Local partnerships called on to boost Scottish growth

3 Nov 11
Community Planning Partnerships need to improve their contribution to local economic growth, according to Audit Scotland.

By Richard Johnstone | 3 November 2011

Community Planning Partnerships need to improve their contribution to local economic growth, according to Audit Scotland.

In a report released today, the watchdog said that the local partnerships needed to ‘better align’ their economic development plans with information on what is needed in local economies. The quality of these strategies ‘could be improved’, the report added.

CPPs were established in 2003 for each of Scotland’s 32 council areas. They bring together the NHS, police, enterprise agencies and transport partnerships to plan and provide local services and co-operate on specific problems, such as drug and alcohol addiction, antisocial behaviour and poor skills and literacy.

In 2007, they were given a bigger part in Scotland’s economic development, including supporting business, creating jobs and boosting skills.

Audit Scotland said CPPs had ‘an important role’ in bringing together services that could boost local economies. But it warned that they risked duplicating approaches being deployed by national Scottish agencies.

The watchdog also said that little had been done ‘to address the inherent tensions between national and local priorities and national and local accountability arrangements’ for the bodies involved. Some organisations in CPPs are responsible to the Scottish Government, even though the partnerships are led by councils.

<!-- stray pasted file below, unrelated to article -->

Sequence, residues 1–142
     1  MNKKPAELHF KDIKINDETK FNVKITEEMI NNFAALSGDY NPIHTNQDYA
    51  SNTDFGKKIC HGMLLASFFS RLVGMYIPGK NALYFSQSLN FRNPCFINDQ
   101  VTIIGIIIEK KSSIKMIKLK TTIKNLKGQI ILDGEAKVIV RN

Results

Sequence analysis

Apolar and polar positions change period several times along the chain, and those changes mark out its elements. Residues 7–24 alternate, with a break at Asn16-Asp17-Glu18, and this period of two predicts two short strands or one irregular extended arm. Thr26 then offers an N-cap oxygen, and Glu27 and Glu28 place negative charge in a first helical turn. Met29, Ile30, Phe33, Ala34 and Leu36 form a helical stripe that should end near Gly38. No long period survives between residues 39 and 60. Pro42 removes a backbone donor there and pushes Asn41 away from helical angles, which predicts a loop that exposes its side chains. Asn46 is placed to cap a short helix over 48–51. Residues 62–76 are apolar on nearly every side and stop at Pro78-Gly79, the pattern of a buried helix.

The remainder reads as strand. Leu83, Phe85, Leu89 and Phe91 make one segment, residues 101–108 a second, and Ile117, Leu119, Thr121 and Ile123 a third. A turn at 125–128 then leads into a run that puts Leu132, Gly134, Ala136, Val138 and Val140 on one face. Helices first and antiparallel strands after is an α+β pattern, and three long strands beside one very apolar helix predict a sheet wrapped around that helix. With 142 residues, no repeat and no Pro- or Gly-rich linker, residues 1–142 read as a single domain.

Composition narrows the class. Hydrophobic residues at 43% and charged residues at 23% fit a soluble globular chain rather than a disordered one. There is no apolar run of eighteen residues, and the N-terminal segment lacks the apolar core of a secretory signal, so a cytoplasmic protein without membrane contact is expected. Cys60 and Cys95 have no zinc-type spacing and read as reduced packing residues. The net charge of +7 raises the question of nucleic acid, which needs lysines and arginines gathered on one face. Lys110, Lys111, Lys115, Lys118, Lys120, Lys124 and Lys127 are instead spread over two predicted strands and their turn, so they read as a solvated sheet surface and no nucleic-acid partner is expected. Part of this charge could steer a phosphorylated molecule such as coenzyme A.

The report calls on ministers to clarify their expectations on what the CPPs can do to help achieve national economic outcomes.

Auditor general Bob Black said: ‘There needs to be shared responsibility for performance by all the partners involved in community planning. Previous Audit Scotland reports have highlighted that successful partnership working requires strong leadership and commitment from all partners. We have restated these principles in today’s report.’

Pat Watters, president of the Convention of Scottish Local Authorities, said: ‘The report sets out a number of recommendations and we have already agreed with the Scottish Government that a review will be taken forward together through a joint working group.

‘We continue to believe that Community Planning Partnerships should be the driving force of public service reform, integrating and co-ordinating services in such a way that ensures localities get the maximum value from all public spending in an area.’


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